Allure’s Best Natural Skincare Products
Natural Skincare Product Recommendations:
Allure Magazine + Dr. Palm
San Diego dermatologist Dr. Melanie Palm answers Allure’s questions on best products in Natural Skincare Lines
Recently, Allure magazine asked me to weigh in on the power of natural skincare product ingredients and to make various product recommendations for patients and their readers. Natural skincare products are a rising trend among consumers, and many of us are searching for natural, organic, fragrance-free, or preservative-free products alternatives to more typical skincare.
See below to find my tips, information, and interesting facts about natural skincare products and key ingredients to look out for! I’ve listed individual botanical or food items, and how they are most commonly incorporated into natural skincare lines. Read on to find out the scoop on natural skincare products.
Natural Skincare Products by Category
Quinoa in natural skincare products:
Quinoa is considered a superfood. This tasty round morsel packs a powerful punch as a food, but when used in skincare products it is also of benefit. Below you will find a succinct list of how quinoa can be beneficial as a natural ingredient in skincare, in the diet as a food, as well as a natural product in hair products.
- Skin care products:
- Quinoa has skin brightening properties. It works similarly to tyrosinase inhibitors such as hydroquinone, to reduce abnormal pigment production. Due to its skin lightening ability, quinoa can be used as skin brightener to combat hyperpigmentation and melasma.
- Quinoa contains vitamin B3 (niacinamide) that acts as anti-inflammatory. Niacinamide when used topically acts as an antioxidant, anti-acne, and anti-redness product.
- This super grain contains the antioxidant vitamin E. Quinoa also contains lysine. Together, vitamin E and lysine minimize damage to collagen (including matrix metalloprotein (MMP) enzyme activity). They may promote collagen production as well as elastin fibers, which provide elasticity to the skin.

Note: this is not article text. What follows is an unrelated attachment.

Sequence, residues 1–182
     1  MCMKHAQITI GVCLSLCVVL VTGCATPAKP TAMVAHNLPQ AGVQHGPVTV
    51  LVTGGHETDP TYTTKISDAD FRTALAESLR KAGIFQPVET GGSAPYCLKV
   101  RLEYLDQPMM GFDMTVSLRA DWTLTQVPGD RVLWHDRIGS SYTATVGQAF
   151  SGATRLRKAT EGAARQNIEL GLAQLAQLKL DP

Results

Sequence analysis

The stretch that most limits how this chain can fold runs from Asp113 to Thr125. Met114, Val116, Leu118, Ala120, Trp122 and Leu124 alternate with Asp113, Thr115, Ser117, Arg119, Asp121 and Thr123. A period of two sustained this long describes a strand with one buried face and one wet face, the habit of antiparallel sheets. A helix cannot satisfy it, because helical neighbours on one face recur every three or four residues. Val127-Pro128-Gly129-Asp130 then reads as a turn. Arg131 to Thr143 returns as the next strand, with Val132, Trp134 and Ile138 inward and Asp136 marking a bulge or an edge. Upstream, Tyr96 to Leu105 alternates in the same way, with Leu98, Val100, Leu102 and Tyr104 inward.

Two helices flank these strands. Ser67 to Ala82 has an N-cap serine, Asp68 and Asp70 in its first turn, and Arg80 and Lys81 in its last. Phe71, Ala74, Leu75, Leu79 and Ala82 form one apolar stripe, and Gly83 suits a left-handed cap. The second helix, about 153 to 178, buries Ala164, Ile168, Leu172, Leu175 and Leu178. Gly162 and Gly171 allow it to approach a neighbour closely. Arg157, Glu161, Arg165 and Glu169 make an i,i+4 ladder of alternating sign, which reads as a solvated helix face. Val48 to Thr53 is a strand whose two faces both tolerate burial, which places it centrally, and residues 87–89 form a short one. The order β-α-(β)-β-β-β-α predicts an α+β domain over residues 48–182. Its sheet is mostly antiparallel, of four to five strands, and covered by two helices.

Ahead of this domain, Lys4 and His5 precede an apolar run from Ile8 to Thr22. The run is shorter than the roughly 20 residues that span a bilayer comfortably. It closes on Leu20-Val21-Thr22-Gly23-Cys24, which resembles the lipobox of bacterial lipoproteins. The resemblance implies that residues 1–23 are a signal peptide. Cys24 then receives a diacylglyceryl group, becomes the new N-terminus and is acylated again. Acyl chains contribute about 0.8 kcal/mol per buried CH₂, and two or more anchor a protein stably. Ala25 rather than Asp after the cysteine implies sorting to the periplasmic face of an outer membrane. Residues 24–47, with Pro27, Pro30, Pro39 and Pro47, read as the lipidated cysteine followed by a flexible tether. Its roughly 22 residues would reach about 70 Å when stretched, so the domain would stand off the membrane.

- Quinoa could also be used as a natural particulate exfoliant. Pulverized versions of the grains could be used on normal to oily skin types to remove dead keratin from the skin in facial or body scrubs. More sensitive skin types might be better served by using a gommage such as Sakura Silk.
- Hair products:
- 9 essential amino acids have natural strengthening properties for protecting the hair shaft.
- Quinoa acts as humectant to hydrate scalp by providing much needed moisture.
- Furthermore, quinoa is composed of hydrolyzed protein to protect and nourish hair follicles from within.
- Finally, some of mineral content found within quinoa kernels has anti-dandruff properties and can sooth irritated or red scalps.
- Diet :
- Superfood that derives from flowering plant of amaranth family; Quinoa is a relative to vegetables such as spinach, chard, and beets.
- Quinoa is a source of protein an contains ALL 9 essential acids.
- It contains lysine, an important for tissue repair and growth.
- This superfood touts a low glycemic index food
- Quinoa contains butyrate, an important fatty acid that turns off inflammation genes. Quinoa also contains quercetin and kaemferol to fight inflammation (antiviral effect).
Seaweed in Skincare:
- What anti-aging benefits does seaweed have?
- Hydration: Many types of seaweed contain sugar compounds called oligosaccharides and polysaccharides. Think of this as in the same relative category as hyaluronic acid. These sugar compounds in seaweed attract water to the area of application. This increases hydration levels of the skin. Hydrated skin appears more luminous. Skin with great water content has a smoother texture that minimizes the appearance of fine lines.
- Skin rejuvenation: Some seaweed extracts and strains have shown to stimulate both collagen and elastin production. Collagen and elastin are important proteins for structure and flexibility in healthy skin. Blue-green seaweed tends to be richest in this attribute due to a protein called chlorella.
- Anti-oxidant: Many seaweed species reduce oxidative stress, helping to quell free radical reduction. Oxidative stress if left unchecked causes premature aging of the skin.
- What other skincare benefits does seaweed have?
- Anti-inflammatory: Seaweed has an amazing ability to protect itself in a rapidly changing environment. Furthermore, seawood detoxifies harmful insults from its environment. Some seaweed species contain vitamin B complexes. This class of vitamin fight inflammation, reducing facial redness and the appearance of rosacea.